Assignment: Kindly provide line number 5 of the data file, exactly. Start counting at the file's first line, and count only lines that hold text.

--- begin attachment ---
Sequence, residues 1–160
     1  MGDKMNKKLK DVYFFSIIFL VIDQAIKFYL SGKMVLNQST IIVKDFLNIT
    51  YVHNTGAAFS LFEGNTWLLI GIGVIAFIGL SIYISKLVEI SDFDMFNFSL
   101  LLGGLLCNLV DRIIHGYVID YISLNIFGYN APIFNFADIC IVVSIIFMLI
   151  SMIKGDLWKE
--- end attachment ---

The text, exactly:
   151  SMIKGDLWKE